In the Garden: Crape Myrtle
by Charles Kidder
Mid- and late-summer can be tough on gardeners. This year, we’ve already endured blistering temperatures and powerful storms. Spring blooms are long passed, and fall flowers such as asters and goldenrod are still weeks away. But one plant reliably brings summer color to Southern gardens, the crape myrtle. Even when their flowers are gone, some crape myrtle varieties develop attractive fall color. And with the colorful bark on many cultivars, the color display even extends into the winter.
First, let’s get some confusion on spelling out of the way. “Crape” is most commonly seen, which is supposedly an Anglicized version of “crepe,” and refers to the crinkled nature of the flower petals. Sometimes you will see the name as one word, crapemyrtle, but for no particular reason, I will go with two separate words. Either way, we are considering the genus Lagerstroemia, which comprises about fifty species, all indigenous to East Asia, Oceania and Australia.
The common Crape Myrtle (L. indica) is native to China and Korea, but has been grown in this country since the middle of the eighteenth century, first being introduced at plantations near Charleston. This species can get quite large, perhaps up to thirty feet or more, but usually with several trunks. Colors on crapes run the gamut from red, pink, lavender and purple to white, so you should always be able to find one that works with either your house color or garden scheme. Bark on this species is smooth, typically peeling to reveal a silvery-grayish surface, often mottled with shades of brown, yellow or green. Small plants that you see at the nursery may not wow you with their bark but will only get better with age.
Lagerstoemia indica in its various incarnations held sway in the South for two hundred years, but in the 1950s things began to change. A new species, Japanese Crape Myrtle (L. fauriei) was introduced to horticulture by Dr. John Creech of the United States National Arboretum. At first glance, this “new” crape myrtle did not appear to measure up to its established rival: Its flowers are always white, and only appear for two weeks in early June. But L. fauriei has a few winning traits. Perhaps the most conspicuous is its rich, coppery bark; even if the tree never flowered, it would still be worth growing for this alone. It is also less susceptible to the mildew that often disfigures the leaves of the Common Crape Myrtle. Finally, it is a hardier plant, able to withstand temperatures five to ten degrees colder than its cousin. Still, owing to its short bloom period, L. fauriei is hard to find in the marketplace, occasionally appearing at specialty nurseries in the guise of the cultivars ‘Townhouse’ and ‘Fantasy’.
Where the Japanese Crape Myrtle has really changed the landscape is through its hybridization with the common species. We can now enjoy many hybrids, largely thanks to the work of the National Arboretum, that have improved hardiness, disease-resistance and amazing bark, as well as the variety of flower color and long bloom period that gardeners expect. There are dozens of these hybrids; perhaps the best known is ‘Natchez’, with white flowers and bronzy bark.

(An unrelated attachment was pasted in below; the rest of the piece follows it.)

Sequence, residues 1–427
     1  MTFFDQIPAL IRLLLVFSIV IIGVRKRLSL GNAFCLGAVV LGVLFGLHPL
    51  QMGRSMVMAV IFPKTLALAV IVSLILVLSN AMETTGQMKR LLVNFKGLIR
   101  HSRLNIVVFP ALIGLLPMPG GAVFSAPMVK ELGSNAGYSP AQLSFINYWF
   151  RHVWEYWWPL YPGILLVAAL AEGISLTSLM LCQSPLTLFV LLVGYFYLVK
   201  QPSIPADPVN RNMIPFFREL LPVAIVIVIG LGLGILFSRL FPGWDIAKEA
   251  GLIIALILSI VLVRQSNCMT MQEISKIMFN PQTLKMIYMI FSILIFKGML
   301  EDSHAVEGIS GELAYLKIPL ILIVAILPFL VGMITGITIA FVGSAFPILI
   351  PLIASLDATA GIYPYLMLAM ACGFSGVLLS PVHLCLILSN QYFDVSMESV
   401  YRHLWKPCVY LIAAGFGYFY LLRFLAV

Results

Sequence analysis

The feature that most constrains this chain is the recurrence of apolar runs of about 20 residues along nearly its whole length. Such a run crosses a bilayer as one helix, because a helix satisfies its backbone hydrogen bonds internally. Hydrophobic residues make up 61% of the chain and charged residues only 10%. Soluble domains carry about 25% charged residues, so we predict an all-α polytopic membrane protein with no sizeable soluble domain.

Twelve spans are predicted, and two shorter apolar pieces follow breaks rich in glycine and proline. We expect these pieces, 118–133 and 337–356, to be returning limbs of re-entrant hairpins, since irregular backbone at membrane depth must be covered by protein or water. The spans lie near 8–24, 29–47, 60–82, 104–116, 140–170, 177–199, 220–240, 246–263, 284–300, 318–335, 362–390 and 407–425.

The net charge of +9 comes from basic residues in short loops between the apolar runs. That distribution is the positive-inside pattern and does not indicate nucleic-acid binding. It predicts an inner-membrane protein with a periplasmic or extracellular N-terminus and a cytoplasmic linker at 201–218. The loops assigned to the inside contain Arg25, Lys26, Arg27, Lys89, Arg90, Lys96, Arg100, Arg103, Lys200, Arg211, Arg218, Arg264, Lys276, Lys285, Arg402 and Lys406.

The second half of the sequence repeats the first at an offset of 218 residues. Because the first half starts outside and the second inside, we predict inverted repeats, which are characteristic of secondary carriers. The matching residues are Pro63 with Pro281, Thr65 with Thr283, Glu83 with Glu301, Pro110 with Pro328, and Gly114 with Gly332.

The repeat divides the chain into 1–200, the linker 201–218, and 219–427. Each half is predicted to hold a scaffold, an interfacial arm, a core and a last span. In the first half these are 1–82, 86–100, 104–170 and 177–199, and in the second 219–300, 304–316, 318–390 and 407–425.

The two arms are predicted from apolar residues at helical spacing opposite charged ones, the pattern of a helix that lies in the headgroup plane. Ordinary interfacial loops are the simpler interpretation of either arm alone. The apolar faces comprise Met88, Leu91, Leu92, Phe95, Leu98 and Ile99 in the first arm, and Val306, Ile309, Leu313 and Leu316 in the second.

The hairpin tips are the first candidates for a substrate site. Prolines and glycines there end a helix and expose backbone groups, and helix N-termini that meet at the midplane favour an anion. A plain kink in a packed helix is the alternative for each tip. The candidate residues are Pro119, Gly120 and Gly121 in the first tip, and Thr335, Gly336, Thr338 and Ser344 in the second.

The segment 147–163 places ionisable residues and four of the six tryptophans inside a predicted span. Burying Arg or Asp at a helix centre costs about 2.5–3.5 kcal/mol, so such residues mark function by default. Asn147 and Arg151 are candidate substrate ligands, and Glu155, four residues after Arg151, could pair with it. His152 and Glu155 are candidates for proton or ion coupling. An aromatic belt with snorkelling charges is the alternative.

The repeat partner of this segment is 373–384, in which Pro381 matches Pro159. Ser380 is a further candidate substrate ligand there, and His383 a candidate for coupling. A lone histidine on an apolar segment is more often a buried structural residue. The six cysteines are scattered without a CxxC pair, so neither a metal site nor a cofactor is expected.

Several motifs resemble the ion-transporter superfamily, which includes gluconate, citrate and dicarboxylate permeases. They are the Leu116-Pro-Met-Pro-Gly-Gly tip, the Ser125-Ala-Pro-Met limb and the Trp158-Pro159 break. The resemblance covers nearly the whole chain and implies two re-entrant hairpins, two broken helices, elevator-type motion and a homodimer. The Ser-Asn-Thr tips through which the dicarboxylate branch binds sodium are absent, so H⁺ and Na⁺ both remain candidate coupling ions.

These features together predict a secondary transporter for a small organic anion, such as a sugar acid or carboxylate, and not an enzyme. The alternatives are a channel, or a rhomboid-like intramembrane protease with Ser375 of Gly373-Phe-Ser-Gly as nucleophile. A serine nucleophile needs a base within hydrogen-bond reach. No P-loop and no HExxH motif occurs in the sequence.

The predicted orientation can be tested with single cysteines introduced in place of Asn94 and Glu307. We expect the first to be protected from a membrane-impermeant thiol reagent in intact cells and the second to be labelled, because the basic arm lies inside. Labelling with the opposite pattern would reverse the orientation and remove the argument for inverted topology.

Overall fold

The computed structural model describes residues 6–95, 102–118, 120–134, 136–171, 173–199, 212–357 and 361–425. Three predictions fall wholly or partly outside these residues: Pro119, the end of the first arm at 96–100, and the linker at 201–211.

In choosing your crape myrtle, picking the color may be the easy part. Even then, it’s probably best to see the plant in person if at all possible. Verbal descriptions, and even photographs, can’t always capture the nuances of different shades. The trickier part of choosing a crape is finding the right size. The straight species of L. indica and L. fauriei can both ultimately exceed thirty feet, but much breeding work has aimed for tidier plants. Many websites, such as those of Clemson and Auburn, list crape myrtles by size range, so you won’t waste time looking at plants that are larger—or smaller—than you need.
Many of the newer crape myrtle introductions are the so-called dwarfs or miniatures; some growers even claim they have developed ground-cover varieties. Take descriptions of size with a grain of salt, since they are trying to convince you that their plant stays small. But once they are established, crape myrtles can be whacked to the ground if they get too big. One major warning: avoid “Crape Murder,” the annual pruning of larger varieties to a stump each spring. Besides looking funny—unless you are European—it leads to a mess of lanky shoots that flop over from the weight of the flowers. Proper pruning of crapes is done to open up the center of the plant, allowing better air circulation and discouraging the growth of mildew. Try to do this before the offending branch gets too large, ideally with a diameter of less than half an inch. Also, remove the suckers that sprout from the base of the plant; crape myrtles look best with three to seven sturdy trunks.
The one necessity in crape myrtle culture is full sun. (Also a lot of heat, not something we have to worry about.) They survive in part shade, but will be lanky, mildew-prone plants that don’t flower well. Make sure they are well-watered for the first year or two, but after that they’re drought-tolerant. Other than some compost, additional fertilizing is not necessary and can actually lead to lush growth that is an invitation to pests. If your plant is attacked by mildew or aphids, it’s best to avoid use of heavy-duty chemicals that also kill off the beneficial critters.
On a personal note, I do see why people seek out the dwarf crapes; there’s something to be said for a tidy shrub that flowers from mid-summer to early fall. But if you pick the smaller cultivars, you’re going to be missing out on the great bark that graces the larger varieties. Check out the accompanying picture of a 50-year old Lagerstroemia fauriei, with a trunk two feet in diameter at the base!